Calligraphilia Hermione + autoeroticism + pens and ink, 1307 words - an old story, back from a moment in my life when I was just starting to really explore my own sexual identity and the excitement of that was erupting into my fiction.

until you cry:now you must try my greed Holmes/Watson rentboy porn, 6440 words - because this one gave me a chance to play it oldschool, and use pretty nineteenth-century words, and everything in it was pretty and Victorian and sexy. One of the pieces I'm most content with - I feel like it's doing everything I meant it to, and that's not nothing.

we have laced the world together Sherwood Smith's Wren books, Wren/Tess/Connor/Tyron ot4, 9158 words - my Yuletide 2009 story, which got positive author feedback homg! But only if I could also save that review!
lotesse: (woolf_virginia)
I had an epiphany today: I can deal with the concept of modernism if I connect it to the increasing naming of names with regard to gender, sexuality, and the psyche. I've always found myself allergic to the concept in the past - mainly because it was always explained to me from a very masculinist "oh noes the world be changing I don leik it!" perspective. But if I think of Havelock Ellis and all that lot as a turning point in modernity - that, I can get on board with. I'm glad to have figured this out - it will make my upcoming reading course on sex and gender in modernity progress much more smoothly.

The Uni bookstore ran out of my undergrads' required readings, so .pdfing ahoy tomorrow. And nearly all of the central campus printers appear to have broken at once. I feel bad for the kids - and I hope they don't use it as an excuse to not hand assignments in or do the reading.

Also, I seem to have fallen into Remus/Sirius (Three Year Summer style), and I can't get up. So I would totally take recs! /hint hint
lotesse: (feminism - Buffy)
Because I love the girls and women in my fandoms, and think they're awesome.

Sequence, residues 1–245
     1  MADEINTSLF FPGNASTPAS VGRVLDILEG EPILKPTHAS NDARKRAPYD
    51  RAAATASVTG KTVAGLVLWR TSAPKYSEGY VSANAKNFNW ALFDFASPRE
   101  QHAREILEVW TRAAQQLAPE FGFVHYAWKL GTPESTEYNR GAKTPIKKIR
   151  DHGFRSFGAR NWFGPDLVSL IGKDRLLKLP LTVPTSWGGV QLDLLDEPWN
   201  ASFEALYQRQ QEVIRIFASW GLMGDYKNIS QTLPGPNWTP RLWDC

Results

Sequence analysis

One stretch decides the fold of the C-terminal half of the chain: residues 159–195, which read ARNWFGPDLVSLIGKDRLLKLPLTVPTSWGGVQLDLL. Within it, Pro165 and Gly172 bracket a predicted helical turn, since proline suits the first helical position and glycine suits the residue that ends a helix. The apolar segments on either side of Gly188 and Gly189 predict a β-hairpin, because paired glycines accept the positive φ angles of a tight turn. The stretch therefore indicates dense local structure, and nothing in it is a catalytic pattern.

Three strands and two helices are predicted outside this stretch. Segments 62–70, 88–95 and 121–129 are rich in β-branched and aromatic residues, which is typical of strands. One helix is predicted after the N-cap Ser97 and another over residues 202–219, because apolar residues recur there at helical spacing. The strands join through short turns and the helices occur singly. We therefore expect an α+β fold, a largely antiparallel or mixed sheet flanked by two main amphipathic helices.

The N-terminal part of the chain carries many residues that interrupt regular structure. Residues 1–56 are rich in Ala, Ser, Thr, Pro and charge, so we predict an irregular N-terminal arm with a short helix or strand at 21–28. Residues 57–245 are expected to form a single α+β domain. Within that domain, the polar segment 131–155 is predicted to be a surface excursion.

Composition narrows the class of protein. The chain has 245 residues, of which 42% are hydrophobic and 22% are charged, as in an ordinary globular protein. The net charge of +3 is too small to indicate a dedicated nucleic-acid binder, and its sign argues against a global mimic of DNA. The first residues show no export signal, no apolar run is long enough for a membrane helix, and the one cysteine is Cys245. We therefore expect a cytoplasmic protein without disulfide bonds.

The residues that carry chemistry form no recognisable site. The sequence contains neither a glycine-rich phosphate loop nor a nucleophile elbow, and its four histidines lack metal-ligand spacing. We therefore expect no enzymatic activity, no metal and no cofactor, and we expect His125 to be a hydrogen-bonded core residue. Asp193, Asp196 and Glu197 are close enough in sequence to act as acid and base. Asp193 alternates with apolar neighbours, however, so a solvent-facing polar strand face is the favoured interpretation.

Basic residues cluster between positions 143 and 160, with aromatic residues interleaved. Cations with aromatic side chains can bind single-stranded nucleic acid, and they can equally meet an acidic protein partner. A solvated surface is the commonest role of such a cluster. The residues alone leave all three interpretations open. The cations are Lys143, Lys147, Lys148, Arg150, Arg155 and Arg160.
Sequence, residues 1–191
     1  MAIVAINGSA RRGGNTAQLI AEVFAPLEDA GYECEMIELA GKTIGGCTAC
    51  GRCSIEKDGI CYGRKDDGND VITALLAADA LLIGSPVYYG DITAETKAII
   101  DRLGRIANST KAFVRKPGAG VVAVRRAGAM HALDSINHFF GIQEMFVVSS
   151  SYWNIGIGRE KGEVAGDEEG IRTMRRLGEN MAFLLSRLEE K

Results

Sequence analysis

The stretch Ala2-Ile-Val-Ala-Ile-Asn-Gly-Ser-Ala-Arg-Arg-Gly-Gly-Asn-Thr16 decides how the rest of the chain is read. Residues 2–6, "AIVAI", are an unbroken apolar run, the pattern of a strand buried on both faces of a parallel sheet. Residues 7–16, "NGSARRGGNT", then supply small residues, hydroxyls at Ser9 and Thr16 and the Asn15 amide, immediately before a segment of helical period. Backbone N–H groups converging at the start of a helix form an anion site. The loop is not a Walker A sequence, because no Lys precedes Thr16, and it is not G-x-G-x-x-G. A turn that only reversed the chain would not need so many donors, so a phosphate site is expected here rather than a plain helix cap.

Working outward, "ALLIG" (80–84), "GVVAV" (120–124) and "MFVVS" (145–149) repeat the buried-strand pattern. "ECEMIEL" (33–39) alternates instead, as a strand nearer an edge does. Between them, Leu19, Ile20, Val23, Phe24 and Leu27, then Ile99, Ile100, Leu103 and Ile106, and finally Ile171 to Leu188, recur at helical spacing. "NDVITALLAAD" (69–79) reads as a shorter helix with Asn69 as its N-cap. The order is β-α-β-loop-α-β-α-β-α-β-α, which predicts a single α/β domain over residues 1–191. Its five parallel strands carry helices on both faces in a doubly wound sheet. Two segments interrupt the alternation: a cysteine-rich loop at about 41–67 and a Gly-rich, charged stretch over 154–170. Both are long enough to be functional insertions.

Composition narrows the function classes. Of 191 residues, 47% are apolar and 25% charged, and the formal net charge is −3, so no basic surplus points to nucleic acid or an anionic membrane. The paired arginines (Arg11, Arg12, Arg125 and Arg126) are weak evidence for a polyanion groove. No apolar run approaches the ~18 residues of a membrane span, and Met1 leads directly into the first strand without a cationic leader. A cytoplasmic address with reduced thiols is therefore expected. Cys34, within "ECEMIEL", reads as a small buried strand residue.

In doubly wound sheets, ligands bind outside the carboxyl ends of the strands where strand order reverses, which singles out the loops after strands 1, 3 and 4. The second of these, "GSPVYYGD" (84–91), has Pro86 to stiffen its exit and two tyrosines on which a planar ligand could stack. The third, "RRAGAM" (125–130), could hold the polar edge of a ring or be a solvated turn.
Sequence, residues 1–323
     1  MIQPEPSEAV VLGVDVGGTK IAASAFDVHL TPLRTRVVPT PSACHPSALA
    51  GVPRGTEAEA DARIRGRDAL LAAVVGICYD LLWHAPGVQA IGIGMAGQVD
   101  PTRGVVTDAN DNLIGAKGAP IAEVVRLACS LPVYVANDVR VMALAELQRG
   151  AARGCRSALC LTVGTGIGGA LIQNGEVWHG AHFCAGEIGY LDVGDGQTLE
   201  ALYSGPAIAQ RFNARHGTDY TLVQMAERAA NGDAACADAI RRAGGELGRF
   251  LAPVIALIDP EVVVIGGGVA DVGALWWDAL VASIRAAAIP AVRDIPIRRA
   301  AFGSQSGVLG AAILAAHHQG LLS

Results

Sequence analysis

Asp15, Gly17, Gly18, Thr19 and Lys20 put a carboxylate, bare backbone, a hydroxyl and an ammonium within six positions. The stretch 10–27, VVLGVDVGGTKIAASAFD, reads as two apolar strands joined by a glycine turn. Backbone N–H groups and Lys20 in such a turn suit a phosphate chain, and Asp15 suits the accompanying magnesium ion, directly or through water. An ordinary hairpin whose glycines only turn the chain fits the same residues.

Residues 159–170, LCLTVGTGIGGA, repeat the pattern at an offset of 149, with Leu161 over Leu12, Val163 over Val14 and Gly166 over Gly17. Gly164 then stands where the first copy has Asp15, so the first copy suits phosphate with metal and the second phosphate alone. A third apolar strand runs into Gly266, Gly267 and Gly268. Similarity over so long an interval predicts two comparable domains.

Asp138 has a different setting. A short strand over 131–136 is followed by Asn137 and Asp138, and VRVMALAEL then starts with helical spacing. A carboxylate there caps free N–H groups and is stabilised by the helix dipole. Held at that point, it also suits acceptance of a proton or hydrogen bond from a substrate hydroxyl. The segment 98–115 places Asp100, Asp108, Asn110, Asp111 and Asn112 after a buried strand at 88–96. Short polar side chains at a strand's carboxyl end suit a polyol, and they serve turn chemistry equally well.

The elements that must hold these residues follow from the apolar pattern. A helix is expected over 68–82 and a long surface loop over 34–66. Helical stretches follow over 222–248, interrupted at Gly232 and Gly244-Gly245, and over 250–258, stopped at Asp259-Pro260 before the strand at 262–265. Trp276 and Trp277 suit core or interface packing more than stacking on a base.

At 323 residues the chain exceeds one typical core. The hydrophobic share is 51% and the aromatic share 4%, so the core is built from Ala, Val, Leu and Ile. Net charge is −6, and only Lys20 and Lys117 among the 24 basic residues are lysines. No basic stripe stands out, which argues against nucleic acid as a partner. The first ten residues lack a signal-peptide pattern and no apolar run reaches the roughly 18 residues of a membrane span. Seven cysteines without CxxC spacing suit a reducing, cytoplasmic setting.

spring on horseback like a lady )
lotesse: (jossverse)
Fictional boyfriends that I would so totally actually date:

-Sam Gamgee - devoted, steady, and hardworking, with a bonus respect for academic work
-Simon Tam - really, really smart, with guts, wits, and the ability to persist (plus you know he's gotta be whiz with anatomy)
-Gilbert Blythe
-Daniel Jackson - I know his girls have a tendency to end up with snakes in their heads, but he's so worth the risk. Smart, sweet, and the linguist thing really turns my crank.
-James Wilson - he's just so, so, so decent!

Fictional boyfriends that I should never, never even so much as contemplate dating:

-Angel - I'd end up slapping the broodyness irl, plus Angelus eep!
-Edward Elric - just a few too many mommy issues, kthx
-Jim Kirk - I don't think I could ever actually go with a military type. Am peacenik.
-Sirius Black - it's never a good idea to take home the pretty, unstable, sparky ones
-Luke Skywalker - he's just a little bit more suicidal and messed up than I like my men in person
lotesse: (Default)
omigosh fandom, stop it, I can't get sucked back into Potterverse! I have trauma! I have issues! I've been getting better!

And. Yes Remus/Sirius was my pairing back before all of that, but oooh maaan I don't wanna dredge all this up again. But. But. I can't help it. The power of squee compels me.